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Sleep Good Health And Happiness Is There A Connection?

Posted Dec 23 2009 7:02pm
Don’t ever cheat on your sleep. Sleep experts say adults need between seven and nine hours of sleep each night for peak performance, general health and staying safe. If we don’t get ample sleep, a sleep debt gets accumulated that can be difficult to “pay back”.

The result of sleep deprivation has been linked to a number of health problems such as obesity and high blood pressure, negative mood and behavior, decreased productivity, and safety issues in the home, on the job, and on the road.

According to sleep experts, teens need at least 8.5 – 9.25 hours of sleep each night,compared to an average of seven to nine hours each night for most adults. Their internal biological clocks also keep them awake later in the evening and keep them sleeping later in the morning.

The leads to a problem faced by the school going children, who have to wake up at a time when their body wants to be asleep naturally, as most of the schools worldwide begin classes early in the morning. So, children reach school feeling too sleepy to learn, though it is not their fault at all they may be seen as lazy or lacking attention.

Studies have found a real relationship between the quantity and quality of one’s sleep and quite a number of health problems. For example, insufficient sleep is know to affect growth hormone secretion this is linked to obesity; as the amount of hormone secretion decreases, the chance for weight gain increases significantly.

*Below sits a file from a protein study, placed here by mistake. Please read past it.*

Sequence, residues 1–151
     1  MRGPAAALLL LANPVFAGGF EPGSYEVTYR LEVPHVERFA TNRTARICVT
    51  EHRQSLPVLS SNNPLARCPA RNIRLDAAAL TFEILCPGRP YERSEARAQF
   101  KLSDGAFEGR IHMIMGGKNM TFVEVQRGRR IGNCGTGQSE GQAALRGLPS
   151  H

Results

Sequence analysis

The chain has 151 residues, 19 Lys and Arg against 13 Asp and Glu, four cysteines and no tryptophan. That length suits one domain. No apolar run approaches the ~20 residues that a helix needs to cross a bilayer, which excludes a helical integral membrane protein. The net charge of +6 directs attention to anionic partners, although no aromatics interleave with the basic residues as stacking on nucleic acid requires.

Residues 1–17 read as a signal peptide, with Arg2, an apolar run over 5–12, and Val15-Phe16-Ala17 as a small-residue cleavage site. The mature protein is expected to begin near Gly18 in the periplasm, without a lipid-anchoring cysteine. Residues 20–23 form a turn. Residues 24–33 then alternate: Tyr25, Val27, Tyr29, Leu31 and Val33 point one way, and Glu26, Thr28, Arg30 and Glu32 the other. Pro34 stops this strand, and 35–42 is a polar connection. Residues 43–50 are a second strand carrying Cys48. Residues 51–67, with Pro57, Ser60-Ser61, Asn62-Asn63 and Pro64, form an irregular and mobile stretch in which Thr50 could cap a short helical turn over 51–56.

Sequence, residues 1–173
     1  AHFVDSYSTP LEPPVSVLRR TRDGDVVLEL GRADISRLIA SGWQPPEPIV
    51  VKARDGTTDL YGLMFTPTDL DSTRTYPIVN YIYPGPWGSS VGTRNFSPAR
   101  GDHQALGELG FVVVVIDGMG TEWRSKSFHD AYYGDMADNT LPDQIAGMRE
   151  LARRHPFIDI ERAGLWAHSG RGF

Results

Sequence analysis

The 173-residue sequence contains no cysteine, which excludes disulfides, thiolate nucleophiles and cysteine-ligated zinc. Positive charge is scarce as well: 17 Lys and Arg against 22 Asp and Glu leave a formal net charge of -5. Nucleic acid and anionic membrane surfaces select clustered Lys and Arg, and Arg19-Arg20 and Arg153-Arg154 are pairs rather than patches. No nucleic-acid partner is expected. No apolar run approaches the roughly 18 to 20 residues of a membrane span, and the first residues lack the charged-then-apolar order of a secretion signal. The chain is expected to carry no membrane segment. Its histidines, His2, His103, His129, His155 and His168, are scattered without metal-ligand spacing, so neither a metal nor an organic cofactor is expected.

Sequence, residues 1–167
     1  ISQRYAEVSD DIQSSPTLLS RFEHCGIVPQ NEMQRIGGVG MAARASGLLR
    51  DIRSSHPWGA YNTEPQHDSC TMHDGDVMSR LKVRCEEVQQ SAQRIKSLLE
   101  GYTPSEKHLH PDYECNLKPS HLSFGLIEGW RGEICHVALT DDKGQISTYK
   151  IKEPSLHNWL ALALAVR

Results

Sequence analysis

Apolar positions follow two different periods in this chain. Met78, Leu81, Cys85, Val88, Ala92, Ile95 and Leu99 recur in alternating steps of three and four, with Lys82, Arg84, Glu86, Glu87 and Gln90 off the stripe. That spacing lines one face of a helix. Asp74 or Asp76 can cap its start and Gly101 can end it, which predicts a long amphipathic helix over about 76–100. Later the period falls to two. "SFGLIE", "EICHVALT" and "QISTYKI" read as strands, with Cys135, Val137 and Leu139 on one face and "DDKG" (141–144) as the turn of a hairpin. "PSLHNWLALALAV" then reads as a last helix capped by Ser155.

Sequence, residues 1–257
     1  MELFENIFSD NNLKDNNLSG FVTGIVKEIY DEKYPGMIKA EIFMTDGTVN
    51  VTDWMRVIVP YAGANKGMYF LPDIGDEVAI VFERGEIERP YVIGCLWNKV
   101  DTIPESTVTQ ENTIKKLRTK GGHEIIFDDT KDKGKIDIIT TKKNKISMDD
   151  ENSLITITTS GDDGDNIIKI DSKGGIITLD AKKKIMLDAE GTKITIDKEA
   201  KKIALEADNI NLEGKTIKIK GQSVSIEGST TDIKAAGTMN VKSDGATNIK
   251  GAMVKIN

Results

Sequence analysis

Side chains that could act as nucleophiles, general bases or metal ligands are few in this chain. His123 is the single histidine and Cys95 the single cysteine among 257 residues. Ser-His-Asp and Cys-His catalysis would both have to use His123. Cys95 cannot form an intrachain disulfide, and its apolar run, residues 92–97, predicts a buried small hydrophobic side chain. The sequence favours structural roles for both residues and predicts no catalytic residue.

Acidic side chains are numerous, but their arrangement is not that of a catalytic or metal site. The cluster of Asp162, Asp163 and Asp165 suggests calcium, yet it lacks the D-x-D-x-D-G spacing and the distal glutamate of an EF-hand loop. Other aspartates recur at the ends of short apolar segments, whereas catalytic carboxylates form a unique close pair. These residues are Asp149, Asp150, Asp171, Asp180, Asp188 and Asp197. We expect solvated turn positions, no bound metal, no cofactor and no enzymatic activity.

Blood pressure usually drops during the sleep cycle, lack of proper sleep can lead to hypertension, cardiovascular problems and fall of blood pressure long term. Research also infers that insufficient sleep impairs the body’s ability to use insulin, which can lead to the onset of diabetes.Several scientific studies are now indicating a direct link between poor quality or insufficient sleep and a number of other diseases and illnesses.

As you get older you require fewer hours of sleep. Sleep experts suggest seven to nine hours of sleep for the average adult is about right. Sleep patterns change as we age, but the amount of sleep generally does not that much. Older people may get up more often through night and have less night sleep, but their sleep need overall is no less than most younger adults.

Because they may sleep less during the night, older people tend to sleep more during the day. Naps planned as part of a regular daily routine can be useful in promoting wakefulness after the person awakens often after meals or during the afternoon when the body is at it’s lowest.

Contrary to popular belief, your brain never actually sleeps. The body rests during sleep, however, the brain remains active, gets “recharged,” and still controls many body functions including breathing which is good thing of course. When we sleep, we typically drift between two sleep states, REM (rapid eye movement) and non-REM, in 90-minute cycles.

Non-REM sleep has four stages with distinct features, ranging from stage one drowsiness, when one can be easily awakened, to “deep sleep” stages three and four, when awakenings are more difficult and where the most positive and restorative effects of sleep occur. However, even in the deepest non-REM sleep, our minds can still process information.REM sleep is an active sleep where dreams occur, breathing and heart rate increases and become irregular, muscles relax and eyes move back and forth under the eyelids.

Some days when you have been rushing around or something is playing on your mind you’ll find it difficult to relax when you get to bed to sleep . I have often found a glass of warm milk whilst listening to relaxing music or a hypnosis audio helps me give it a try for yourself.

About the Author:

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